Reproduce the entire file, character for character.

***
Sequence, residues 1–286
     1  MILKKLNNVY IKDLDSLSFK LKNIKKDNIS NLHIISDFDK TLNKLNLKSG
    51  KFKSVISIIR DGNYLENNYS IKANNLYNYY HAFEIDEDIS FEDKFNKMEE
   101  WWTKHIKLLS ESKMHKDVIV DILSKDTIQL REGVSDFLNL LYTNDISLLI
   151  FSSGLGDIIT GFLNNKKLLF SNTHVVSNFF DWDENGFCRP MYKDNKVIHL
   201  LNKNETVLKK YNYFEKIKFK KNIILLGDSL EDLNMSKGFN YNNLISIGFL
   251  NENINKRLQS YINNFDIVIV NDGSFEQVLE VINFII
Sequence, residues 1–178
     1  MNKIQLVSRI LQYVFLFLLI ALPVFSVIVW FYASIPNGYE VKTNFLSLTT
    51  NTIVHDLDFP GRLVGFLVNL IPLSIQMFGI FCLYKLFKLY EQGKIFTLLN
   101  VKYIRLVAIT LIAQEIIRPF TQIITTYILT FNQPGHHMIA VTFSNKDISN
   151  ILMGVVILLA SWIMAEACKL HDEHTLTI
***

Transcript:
Sequence, residues 1–286
     1  MILKKLNNVY IKDLDSLSFK LKNIKKDNIS NLHIISDFDK TLNKLNLKSG
    51  KFKSVISIIR DGNYLENNYS IKANNLYNYY HAFEIDEDIS FEDKFNKMEE
   101  WWTKHIKLLS ESKMHKDVIV DILSKDTIQL REGVSDFLNL LYTNDISLLI
   151  FSSGLGDIIT GFLNNKKLLF SNTHVVSNFF DWDENGFCRP MYKDNKVIHL
   201  LNKNETVLKK YNYFEKIKFK KNIILLGDSL EDLNMSKGFN YNNLISIGFL
   251  NENINKRLQS YINNFDIVIV NDGSFEQVLE VINFII
Sequence, residues 1–178
     1  MNKIQLVSRI LQYVFLFLLI ALPVFSVIVW FYASIPNGYE VKTNFLSLTT
    51  NTIVHDLDFP GRLVGFLVNL IPLSIQMFGI FCLYKLFKLY EQGKIFTLLN
   101  VKYIRLVAIT LIAQEIIRPF TQIITTYILT FNQPGHHMIA VTFSNKDISN
   151  ILMGVVILLA SWIMAEACKL HDEHTLTI